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Hearts of Oak
     

Hearts of Oak

5.0 2
by Ted Leo
 
Ted Leo & the Pharmacists released one of 2001's best albums. Tough as wire with hooks, power, and heart galore, The Tyranny of Distance is a modern-day punk classic -- hard to follow up convincingly, but Leo has cemented his place at the forefront of rock music in the year 2003 with his new record. Hearts of Oak is just as exciting and powerful as

Overview

Ted Leo & the Pharmacists released one of 2001's best albums. Tough as wire with hooks, power, and heart galore, The Tyranny of Distance is a modern-day punk classic -- hard to follow up convincingly, but Leo has cemented his place at the forefront of rock music in the year 2003 with his new record. Hearts of Oak is just as exciting and powerful as The Tyranny of Distance. Lyrically dense and literate, Leo tells a story like no one since Phil Lynott in the glory days of Thin Lizzy or maybe Kevin Rowland at the height of Dexy's peak. The Pharmacists' sound has elements of punk, mod, Irish folk, agit-funk, dub, and power pop played with controlled fury and topped by Leo's amazingly elastic vocals. The batch of songs on Hearts of Oak are all strong; the best are destined to be remembered the same way Leo remembers Thin Lizzy or the Specials. In fact, the record's best song is "Where Have All the Rude Boys Gone?," a touching ode to the Specials and the 2-Tone sound. The guitar breakdowns are naggingly catchy, the melody is instantly familiar, and when Leo hits the chorus and sings, "I asked Jerry He told Terry/Terry sang a song just for me/Lynval gave a message to me/Rhoda screamed and then she asked me/Where have all the rude boys gone?," you can't help but smile. "Hearts of Oak" is a towering, skitteringly funky song with loads of great percussion; "Dead Voices" comes closest to a straight pop song with the ringing power chords and Leo's impassioned falsetto; "The Crane Takes Flight" is an epic sea shanty with some whistling that doesn't suck; and "Tell Balgeary, Balgury Is Dead" is a pounding rocker with some of Leo's best vocals and a cool ska ending. Ted Leo & the Pharmacists are playing the most exciting and original rock music around -- nobody else comes close. Hearts of Oak is a powerful and emotional record that you simply must own. Between this and The Tyranny of Distance, you are looking at a legend in the making.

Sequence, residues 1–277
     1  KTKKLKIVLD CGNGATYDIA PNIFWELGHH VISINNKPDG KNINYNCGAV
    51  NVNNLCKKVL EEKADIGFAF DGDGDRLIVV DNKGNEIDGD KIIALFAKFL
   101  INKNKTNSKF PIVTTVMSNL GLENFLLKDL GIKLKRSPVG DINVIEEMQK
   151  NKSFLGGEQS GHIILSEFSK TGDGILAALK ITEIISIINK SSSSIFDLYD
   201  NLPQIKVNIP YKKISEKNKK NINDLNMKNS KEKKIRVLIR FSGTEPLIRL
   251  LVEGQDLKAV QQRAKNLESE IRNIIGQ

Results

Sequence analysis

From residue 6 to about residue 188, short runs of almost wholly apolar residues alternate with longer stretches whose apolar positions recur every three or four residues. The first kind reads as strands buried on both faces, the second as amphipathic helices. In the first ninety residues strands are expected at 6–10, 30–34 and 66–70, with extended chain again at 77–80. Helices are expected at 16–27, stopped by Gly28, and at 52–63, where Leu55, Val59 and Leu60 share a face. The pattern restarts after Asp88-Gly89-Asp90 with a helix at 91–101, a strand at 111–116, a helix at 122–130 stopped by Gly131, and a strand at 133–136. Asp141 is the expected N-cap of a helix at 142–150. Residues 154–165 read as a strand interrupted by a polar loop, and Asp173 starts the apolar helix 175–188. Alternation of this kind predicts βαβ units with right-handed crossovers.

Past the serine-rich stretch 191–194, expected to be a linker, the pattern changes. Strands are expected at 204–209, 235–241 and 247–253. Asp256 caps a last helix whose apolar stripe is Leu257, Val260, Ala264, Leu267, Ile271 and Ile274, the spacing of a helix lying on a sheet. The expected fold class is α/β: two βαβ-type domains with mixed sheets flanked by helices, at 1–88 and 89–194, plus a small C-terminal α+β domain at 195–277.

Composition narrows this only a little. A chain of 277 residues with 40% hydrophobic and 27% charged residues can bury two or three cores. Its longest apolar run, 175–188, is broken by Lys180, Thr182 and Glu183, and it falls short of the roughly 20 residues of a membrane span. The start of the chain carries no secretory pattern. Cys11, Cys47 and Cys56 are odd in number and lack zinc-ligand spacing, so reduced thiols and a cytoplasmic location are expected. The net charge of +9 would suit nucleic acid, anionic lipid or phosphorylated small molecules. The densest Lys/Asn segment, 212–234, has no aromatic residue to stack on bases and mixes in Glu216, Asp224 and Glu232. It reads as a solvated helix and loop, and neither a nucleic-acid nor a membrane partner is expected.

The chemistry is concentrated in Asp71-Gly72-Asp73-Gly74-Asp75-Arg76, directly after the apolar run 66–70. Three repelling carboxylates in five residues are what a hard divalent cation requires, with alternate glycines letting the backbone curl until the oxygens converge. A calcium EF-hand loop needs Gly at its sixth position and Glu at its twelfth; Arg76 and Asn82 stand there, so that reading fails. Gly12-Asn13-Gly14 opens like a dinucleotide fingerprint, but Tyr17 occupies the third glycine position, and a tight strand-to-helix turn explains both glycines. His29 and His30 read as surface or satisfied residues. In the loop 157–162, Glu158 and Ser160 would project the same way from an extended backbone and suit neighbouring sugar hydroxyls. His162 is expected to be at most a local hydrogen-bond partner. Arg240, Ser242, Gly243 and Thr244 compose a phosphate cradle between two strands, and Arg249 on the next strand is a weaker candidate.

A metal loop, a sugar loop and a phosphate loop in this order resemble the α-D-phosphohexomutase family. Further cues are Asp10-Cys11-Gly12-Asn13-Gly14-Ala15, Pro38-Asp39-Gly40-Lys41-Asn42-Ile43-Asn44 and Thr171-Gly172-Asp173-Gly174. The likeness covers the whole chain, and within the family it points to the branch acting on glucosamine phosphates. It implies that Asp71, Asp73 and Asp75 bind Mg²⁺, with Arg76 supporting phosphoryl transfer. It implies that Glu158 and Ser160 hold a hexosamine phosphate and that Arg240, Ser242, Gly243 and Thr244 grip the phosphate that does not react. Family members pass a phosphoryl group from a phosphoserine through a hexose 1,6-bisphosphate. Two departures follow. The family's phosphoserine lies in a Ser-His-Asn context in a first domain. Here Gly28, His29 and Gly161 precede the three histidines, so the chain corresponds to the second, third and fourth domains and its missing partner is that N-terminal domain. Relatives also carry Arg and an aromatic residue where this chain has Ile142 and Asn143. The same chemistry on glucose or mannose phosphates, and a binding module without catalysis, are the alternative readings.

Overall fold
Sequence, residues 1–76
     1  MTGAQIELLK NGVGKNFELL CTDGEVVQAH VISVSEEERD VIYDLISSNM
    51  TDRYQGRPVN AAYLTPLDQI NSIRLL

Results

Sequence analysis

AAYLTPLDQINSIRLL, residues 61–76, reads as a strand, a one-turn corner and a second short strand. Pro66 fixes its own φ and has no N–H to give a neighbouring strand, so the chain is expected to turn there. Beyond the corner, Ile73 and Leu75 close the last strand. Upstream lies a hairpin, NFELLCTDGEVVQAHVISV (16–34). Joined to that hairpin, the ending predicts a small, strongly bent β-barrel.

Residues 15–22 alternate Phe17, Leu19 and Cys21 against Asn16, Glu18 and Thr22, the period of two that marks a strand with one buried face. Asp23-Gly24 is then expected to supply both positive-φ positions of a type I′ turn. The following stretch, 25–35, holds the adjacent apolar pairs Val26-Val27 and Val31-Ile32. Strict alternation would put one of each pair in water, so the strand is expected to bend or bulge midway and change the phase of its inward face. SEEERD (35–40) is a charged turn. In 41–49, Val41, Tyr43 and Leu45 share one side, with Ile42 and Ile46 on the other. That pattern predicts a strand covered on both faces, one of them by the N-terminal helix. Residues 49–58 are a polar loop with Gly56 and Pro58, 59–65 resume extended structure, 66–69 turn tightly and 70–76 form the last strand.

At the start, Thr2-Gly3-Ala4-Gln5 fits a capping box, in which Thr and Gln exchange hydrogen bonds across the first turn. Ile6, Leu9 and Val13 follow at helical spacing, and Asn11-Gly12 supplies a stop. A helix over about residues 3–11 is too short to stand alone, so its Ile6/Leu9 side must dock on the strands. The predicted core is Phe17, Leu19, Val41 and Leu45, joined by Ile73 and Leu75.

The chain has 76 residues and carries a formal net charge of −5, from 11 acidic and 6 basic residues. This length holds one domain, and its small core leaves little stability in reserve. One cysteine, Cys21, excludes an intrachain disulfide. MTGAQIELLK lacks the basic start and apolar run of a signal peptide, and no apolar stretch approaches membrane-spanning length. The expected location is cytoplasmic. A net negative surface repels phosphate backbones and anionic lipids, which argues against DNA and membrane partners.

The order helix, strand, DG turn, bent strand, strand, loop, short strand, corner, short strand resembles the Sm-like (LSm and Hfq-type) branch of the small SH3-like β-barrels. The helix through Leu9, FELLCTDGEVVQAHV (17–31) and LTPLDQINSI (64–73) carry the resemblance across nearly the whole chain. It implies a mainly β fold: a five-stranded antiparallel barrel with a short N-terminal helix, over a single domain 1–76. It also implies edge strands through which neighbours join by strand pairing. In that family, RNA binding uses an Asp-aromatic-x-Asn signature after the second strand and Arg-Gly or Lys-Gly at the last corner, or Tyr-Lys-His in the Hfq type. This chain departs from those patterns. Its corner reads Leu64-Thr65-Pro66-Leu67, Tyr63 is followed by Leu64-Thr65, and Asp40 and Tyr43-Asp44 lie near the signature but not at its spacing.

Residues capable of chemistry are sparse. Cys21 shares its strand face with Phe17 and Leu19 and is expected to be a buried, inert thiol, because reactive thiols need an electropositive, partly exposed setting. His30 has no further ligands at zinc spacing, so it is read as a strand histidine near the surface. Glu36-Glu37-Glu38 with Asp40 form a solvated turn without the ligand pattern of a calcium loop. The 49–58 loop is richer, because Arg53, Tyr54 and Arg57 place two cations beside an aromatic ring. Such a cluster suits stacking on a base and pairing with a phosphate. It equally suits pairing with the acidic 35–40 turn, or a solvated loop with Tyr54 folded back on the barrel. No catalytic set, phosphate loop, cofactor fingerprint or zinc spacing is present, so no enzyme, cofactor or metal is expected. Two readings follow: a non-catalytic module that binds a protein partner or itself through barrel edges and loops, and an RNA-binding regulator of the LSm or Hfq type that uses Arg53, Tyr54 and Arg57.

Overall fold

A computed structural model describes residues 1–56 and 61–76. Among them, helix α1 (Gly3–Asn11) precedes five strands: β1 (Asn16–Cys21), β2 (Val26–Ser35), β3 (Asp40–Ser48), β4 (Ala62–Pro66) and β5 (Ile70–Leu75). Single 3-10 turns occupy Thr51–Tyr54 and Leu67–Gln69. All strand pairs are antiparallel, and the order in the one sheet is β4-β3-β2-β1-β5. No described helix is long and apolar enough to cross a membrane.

Editorial Reviews

Rolling Stone - Rob Sheffield
[Leo] knows how to turn political conviction into punk energy.
Spin Magazine - Chris Ryan
Blue collars, white collars, bookworms, and barflies--he's got a song for every one of you. (9)

Product Details

Release Date:
02/11/2003
Label:
Lookout Records
UPC:
0763361929020
catalogNumber:
290

Related Subjects

Tracks

Album Credits

Performance Credits

Ted Leo   Primary Artist,Organ,Guitar,Percussion,Vocals,Human Whistle,Melodica,Hand Clapping
Chris Wilson   Drums
Tiffany Anders   Background Vocals
Jodi Buonanno   Background Vocals,Human Whistle,Hand Clapping
Ida Pearle   Violin,Human Whistle,Hand Clapping
Chris Leo   Background Vocals,Human Whistle,Hand Clapping
Danny Leo   Drums
David Lerner   Bass Guitar
Dorien Garry   Organ,Electric Piano,Background Vocals

Technical Credits

Ted Leo   Producer
Samara Lubelski   Engineer
Nicolas Vernhes   Producer,Engineer
Peter Kerlin   Cover Photo

Customer Reviews

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Most Helpful Customer Reviews

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Hearts of Oak 5 out of 5 based on 0 ratings. 2 reviews.
Guest More than 1 year ago
Ted Leo and his pharmacist cohorts are musical geniuses. 'Hearts of Oak' is an extremely refreshing audio treat. The song 'Where Have All the Rude Boys Gone' is the most likely candidate for radio/tv play and is plum full of vocal adventures, hypnotizing guitar riffs, and an overall catchy sound. The entire album is solid, though you may have to allow it to grow on you. If you don't like it the first time through, give it a few more plays before you make up your mind. You won't be disappointed.
Guest More than 1 year ago
This album contains pretty much everything a fan could ask for - great hooks, great lyrics, variety - Ted Leo & the Pharmacists rarely disappoint. From the irresistable catchiness of "Where Have All the Rude Boys Gone?" to the great storytelling of "I'm a Ghost" to the slow, almost soulful guitar playing of "First to Finish, Last to Start" all contribute to make this album a winner, and a must-own.